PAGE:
After the preliminary excavation the structure was covered over again. The OTA hope that the new scans will allow them see a clearer picture of the settlement. County archaeologist Julie Gibson added "The further study of this structure and the area around it could offer an insight into the relationship between ritual and domestic life in the Neolithic."

     The scanning work around the World Heritage Sites will include an area to the north-west of Maeshowe, where aerial photographs indicate the presence of a large enclosure. The geophysics scans should clarify the nature of this site as to whether it is perhaps the remains of another Neolithic henge monument or perhaps a settlement.


Source: Orkneyjar Archaeology News (24 October 2004)


Ancient mound under a swimming pool


Removal of an old swimming pool at the Mound House on Estero Island in South West Florida, USA, soon might lead to a rare archaeological and educational opportunity. The resulting hole in the 2,000-year-old Indian mound then would be turned into a covered, climate-controlled walk-in archaeological exhibit where visitors will see the history of the mound's occupation in layers of shell. But first the state must approve $269,500 for a project proposed by the city of Fort Myers and Florida Gulf Coast University's Cultural Resources Management Program.

     If all goes well, the 45-year-old pool will be pulled out in the autumn of 2004. "Take out the pool and you have a huge cavity in the mound" said Corbett Torrence, co-director of the Cultural Resources Management Program. "This is how to make the best out of a bad situation. The hole is a giant earthen history book. Each layer is a chapter in the 2,000-year history."

     Once the pool at the Mound House is removed, archaeologists and volunteers will conduct an excavation to level the area under the pool, which was 8 feet deep at the drain and 4 feet deep in the shallow end. Much of archaeology is concerned with how artifacts relate to each other in a given activity area - a space where a single activity took place. By figuring out how different activity areas were laid out in a single structure, archaeologists can make assumptions about a culture's structure, said Theresa Schober, co-director of the Cultural Resources Management Program and principal author of the grant proposal.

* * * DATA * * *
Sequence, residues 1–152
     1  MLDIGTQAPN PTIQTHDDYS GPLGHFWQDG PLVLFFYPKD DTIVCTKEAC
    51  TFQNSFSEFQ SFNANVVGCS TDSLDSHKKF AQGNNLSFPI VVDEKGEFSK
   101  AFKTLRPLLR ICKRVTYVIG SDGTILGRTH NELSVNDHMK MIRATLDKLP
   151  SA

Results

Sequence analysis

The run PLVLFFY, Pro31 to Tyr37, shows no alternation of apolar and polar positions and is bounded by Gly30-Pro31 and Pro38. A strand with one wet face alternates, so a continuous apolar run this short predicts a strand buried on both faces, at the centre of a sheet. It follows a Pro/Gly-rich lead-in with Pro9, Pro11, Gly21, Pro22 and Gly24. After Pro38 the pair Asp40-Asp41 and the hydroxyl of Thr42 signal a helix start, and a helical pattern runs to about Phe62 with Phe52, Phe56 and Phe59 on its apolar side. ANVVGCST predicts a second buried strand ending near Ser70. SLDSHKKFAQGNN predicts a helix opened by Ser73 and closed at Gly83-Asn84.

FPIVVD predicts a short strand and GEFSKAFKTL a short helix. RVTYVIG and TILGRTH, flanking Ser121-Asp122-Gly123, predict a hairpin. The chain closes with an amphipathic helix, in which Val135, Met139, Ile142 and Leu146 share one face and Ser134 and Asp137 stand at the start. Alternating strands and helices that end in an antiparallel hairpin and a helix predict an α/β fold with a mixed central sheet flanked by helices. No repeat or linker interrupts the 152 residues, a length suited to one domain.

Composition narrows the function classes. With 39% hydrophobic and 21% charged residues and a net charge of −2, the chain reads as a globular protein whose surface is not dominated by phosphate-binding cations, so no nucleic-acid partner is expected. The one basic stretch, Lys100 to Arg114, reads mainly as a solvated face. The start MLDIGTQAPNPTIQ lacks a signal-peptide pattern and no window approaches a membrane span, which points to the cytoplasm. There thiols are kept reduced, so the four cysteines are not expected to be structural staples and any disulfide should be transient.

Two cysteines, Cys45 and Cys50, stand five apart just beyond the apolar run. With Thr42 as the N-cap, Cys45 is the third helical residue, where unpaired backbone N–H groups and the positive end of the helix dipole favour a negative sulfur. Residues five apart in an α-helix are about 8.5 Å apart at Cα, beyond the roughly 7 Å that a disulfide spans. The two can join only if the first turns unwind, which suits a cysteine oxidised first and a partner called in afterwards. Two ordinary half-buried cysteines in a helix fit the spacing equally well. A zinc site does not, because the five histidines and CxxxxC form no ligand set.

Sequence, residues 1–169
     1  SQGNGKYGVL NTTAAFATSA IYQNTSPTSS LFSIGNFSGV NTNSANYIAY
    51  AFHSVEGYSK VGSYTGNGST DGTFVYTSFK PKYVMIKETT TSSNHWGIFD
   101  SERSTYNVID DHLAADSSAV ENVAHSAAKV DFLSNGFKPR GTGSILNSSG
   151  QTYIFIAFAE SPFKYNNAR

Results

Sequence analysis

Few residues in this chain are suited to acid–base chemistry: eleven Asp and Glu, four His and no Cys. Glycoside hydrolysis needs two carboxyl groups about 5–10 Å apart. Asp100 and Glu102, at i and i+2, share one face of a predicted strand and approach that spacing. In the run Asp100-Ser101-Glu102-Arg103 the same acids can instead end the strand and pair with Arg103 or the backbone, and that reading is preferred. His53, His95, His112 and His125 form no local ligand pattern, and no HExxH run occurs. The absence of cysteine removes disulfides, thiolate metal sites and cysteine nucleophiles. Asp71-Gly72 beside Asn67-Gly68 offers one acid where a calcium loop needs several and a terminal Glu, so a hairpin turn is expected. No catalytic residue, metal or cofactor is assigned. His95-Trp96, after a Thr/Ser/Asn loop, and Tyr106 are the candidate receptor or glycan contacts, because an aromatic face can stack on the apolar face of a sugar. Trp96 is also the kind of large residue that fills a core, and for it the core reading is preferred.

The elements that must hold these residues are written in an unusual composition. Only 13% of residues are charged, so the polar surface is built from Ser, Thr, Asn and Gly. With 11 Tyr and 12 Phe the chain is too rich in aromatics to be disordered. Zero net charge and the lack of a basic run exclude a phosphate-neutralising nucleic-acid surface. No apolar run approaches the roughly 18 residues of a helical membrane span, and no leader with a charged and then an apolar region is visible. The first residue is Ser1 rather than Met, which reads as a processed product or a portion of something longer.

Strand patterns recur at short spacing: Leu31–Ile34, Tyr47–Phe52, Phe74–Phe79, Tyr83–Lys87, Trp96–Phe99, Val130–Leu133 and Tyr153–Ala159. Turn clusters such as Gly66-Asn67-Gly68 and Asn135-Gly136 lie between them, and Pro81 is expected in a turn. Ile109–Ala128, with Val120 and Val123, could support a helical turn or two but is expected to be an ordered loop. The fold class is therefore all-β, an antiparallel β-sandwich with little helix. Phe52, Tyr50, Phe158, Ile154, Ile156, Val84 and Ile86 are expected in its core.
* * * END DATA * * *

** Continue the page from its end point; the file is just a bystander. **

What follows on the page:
Because many archaeological excavations are conducted in 1-meter squares, it's sometimes difficult to see a big picture. But the Mound House dig will cover the entire horizontal area of the pool - 40 feet by 20 feet - so archaeologists should get a rare glimpse of daily life. Archaeologists and visitors to the exhibit also should learn plenty from the vertical area - the walls of the hole.

     The mound, which is small compared to mounds at Mound Key and Pineland, is not really a mound; it's the southern-most end of a 3,300-foot long ridge that was bulldozed for development. "The ridge sites here and on Useppa were abandoned at the very time the mounds at Pineland and Mound Key were exploding upwards," Torrence said.

     When the project is complete, possibly by the fall of 2006, visitors will walk into the mound from ground level and see the insides of an Indian shell mound measuring 40 feet long and 8 feet high.


Source: News-press.com (23 October 2003)


Canadian caves yield ancient artifacts


A caving expedition to the Queen Charlotte Islands (Canada) is believed to have found the base of a spear point that could represent the oldest human artifact on the British Columbia coast. The quartz spear point could be up to 11,000 years old, based on the sediment layer in which it was found, lending further credence to the theory that early humans migrated down the coast of North America by watercraft rather than travelling inland along an ice-free corridor.